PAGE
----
Michael Loeters

Michael Loeters

Vice President, Regional Practice Leader – Risk Management (Ontario)

Email: mloeters@bflcanada.ca

 

 


Organizations are generally familiar with the idea of Key Performance Indicators (KPIs).  They are measures of how well things are being done and results you have already realized. An example is sales trends, i.e. customer shipments and receivable write-offs over the past month or quarter. On the other hand, Key Risk Indicators (KRIs) are different in that they are an early indicator of emerging risks that could cause harm to the business, such as a macroeconomic shift that could impact customer collection in the future.


When considering KRIs, you can generally put them into two categories:

  • Leading KRIs – They are predictive in nature and help to forecast the future.
  • Lagging KRIs – They are historical measures and help to identify important trends.


Organizations need a mix of both to provide a full picture of emerging risks.


There are numbers of benefits for an organization to adopt KRIs into their management reporting process. The main one is the ability to monitor potential shifts in risk conditions or new emerging risks. This way, management and the Board of Directors can proactively identify the impact on the organization and take action. In some cases, this could be preventing adverse events from occurring, and, in other cases, could lead to take advantage of a new strategic opportunity. In all instances, KRIs must be viewed within the context of achieving established organizational objectives.


Here are some other key benefits to implementing KRIs:

  • They can provide a historical view of risk events so that lessons can be learned from the past and better decisions made in the future.
  • They require that management reflect upon and pre-determine their risk appetite or tolerance, and, when reached, trigger action.
  • If you are subject to regulatory oversight, KRIs can be used to demonstrate compliance or reduce the chances of fines or penalties. For example, it would be relevant if you have to maintain capital adequacy or reserve levels.

 

A large retailer is an example of how KRIs can be used. The KRI could consist in negative earnings. A leading indicator on earnings is customer traffic in the stores, which is often driven by the discretionary income levels of the population around the retail locations. Simultaneously, a key metric for discretionary income is oil futures. When the price of oil futures rises, gas prices will also start rising at the pumps. And when gas prices rise, they begin eating a greater amount of a household’s monthly income, leading discretionary spending to decrease, which in turn will lead traffic in stores to decrease as well. By monitoring this KRI,the retailer can get an early indicator of the emerging risk and use the time to modify its sales strategy proactively by adjusting marketing and promotional events and therefore reduce the impact of the risk. When oil futures climb over a certain level, the retailer will adjust its plan to promote more “value” options in the store. When oil futures drop below a certain level (and gas prices are expected to follow), the strategic opportunity consists in adjusting his plan to promote the “premium” options in the store.  The key concept is to adjust the plans in advance rather than noticing the impact in the stores. This in turn gives the retailer a better chance of maintaining and smoothing out its earnings.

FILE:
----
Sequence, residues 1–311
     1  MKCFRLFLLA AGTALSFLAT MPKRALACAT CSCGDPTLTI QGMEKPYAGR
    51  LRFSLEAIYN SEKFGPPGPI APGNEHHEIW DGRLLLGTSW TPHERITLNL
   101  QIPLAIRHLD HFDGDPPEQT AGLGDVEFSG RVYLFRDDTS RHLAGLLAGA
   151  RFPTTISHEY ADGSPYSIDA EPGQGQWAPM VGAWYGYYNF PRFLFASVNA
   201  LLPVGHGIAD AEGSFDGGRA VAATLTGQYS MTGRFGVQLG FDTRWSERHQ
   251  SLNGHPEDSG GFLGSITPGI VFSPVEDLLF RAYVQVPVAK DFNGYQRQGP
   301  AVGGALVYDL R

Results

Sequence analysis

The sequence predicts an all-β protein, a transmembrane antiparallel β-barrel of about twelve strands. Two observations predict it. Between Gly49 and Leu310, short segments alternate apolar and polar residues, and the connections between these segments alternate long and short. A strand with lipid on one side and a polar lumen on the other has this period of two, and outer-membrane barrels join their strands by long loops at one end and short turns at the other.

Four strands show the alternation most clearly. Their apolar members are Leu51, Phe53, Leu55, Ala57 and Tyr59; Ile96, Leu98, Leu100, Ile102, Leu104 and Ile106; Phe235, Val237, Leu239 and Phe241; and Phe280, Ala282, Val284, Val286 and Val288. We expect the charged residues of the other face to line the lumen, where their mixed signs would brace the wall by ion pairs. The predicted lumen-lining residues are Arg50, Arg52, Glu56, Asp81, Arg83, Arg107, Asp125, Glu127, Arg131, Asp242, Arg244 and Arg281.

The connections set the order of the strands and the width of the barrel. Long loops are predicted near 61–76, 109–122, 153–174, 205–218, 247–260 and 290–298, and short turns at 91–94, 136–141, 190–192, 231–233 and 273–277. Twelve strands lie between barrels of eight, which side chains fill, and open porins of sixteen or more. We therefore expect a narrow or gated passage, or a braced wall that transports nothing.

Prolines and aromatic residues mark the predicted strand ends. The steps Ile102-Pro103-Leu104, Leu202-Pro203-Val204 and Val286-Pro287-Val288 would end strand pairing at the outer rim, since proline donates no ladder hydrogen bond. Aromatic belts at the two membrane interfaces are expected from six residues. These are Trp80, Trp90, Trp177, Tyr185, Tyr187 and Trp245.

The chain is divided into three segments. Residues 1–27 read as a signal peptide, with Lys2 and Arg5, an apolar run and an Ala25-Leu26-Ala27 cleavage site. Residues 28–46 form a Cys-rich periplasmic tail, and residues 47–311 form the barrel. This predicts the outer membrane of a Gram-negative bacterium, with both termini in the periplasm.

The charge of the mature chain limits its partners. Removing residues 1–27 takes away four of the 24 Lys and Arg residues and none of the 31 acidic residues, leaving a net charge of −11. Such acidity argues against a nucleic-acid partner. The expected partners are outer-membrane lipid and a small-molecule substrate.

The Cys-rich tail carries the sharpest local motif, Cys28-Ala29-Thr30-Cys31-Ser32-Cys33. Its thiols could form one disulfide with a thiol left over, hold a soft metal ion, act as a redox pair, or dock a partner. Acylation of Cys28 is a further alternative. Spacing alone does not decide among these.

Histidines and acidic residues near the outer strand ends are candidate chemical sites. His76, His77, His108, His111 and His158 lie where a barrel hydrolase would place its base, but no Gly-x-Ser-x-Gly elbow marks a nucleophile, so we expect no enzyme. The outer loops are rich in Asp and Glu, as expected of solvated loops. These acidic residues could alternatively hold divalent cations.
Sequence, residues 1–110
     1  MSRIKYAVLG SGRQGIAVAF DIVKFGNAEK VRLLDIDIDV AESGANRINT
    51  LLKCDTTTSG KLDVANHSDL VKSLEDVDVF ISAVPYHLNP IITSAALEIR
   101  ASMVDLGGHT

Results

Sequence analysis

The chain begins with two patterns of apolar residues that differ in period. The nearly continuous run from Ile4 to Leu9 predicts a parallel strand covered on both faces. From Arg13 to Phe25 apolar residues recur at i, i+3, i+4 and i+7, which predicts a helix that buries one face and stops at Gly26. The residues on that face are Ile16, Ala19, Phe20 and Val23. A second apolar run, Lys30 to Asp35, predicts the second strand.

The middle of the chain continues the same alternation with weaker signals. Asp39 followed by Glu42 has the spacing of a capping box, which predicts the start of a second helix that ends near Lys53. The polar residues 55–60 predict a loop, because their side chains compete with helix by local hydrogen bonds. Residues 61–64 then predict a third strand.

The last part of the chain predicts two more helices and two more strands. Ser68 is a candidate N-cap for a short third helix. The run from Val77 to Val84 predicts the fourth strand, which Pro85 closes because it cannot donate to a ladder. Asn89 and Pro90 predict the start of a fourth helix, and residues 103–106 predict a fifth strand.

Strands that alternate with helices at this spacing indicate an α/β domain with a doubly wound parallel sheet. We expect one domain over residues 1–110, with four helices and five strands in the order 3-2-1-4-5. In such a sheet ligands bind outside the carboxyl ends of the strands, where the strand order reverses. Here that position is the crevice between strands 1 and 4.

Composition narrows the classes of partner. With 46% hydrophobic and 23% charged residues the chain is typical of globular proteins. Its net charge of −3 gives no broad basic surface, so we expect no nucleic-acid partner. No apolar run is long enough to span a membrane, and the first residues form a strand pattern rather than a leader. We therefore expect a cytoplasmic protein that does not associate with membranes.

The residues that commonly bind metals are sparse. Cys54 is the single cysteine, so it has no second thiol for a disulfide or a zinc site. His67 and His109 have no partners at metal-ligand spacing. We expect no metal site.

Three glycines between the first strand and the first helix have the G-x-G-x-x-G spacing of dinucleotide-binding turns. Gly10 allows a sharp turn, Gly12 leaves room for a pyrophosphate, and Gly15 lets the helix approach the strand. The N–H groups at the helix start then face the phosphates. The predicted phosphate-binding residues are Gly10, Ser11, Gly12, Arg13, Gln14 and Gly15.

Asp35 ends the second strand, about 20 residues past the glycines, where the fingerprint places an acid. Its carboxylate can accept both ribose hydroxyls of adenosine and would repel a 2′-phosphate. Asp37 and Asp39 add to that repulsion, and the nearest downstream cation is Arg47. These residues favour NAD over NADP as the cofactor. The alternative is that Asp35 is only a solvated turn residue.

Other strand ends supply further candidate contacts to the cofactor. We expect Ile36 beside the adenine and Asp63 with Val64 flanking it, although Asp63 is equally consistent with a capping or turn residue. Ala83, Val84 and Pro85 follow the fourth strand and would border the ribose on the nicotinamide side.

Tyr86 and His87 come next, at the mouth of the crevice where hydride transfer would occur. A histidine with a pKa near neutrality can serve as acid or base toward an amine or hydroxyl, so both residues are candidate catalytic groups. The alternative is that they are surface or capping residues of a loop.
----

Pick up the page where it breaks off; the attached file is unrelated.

Here are the typical steps an organization would follow to implement KRIs:

  1. Make an inventory of all the different stakeholders in the organization, consult with them and ensure that their interests are being considered and addressed in the process.  This is a good opportunity to get input and create buy-in.
  2. Create a balanced selection of performance indicators, lead indicators and trends that tie directly into the organizational objectives. It is often not one indicator that gives you the insight you need; a combination of them will paint the bigger picture.
  3. Ensure that your KRIs drill down to the root of the event. This way, you ensure that management will have time to respond to the trend.
  4. Narrow the focus to highly relevant and probable risks so as to not overwhelm the organization. The risks should have a high impact on the organization and be easy to measure.
  5. Determine the threshold and triggers for each KRI. To ensure the appropriate adjustment to the company strategy takes place, you need to determine in advance your threshold for the risk, at what point the indicator will trigger action within the organization and what those actions will be.
  6. Locate and find the data sources, within or outside your organization, that will feed the KRIs.
  7. Determine what notification method will be used within the organization when thresholds and triggers are set off, who the recipients will be and the desired sequence of actions you want to install.
  8. Train your staff, get their buy-in and monitor the effectiveness.

 

Business owners, management and Board of Directors transacting in constantly evolving market segments must keep an eye on emerging risks, since events may affect your ability of their organizations to achieve the established strategic goals. KRIs are powerful tools to identify these risks using timely information, to pro-actively manage them within the established risk appetite and to provide reasonable assurance that organizational objectives will be achieved.

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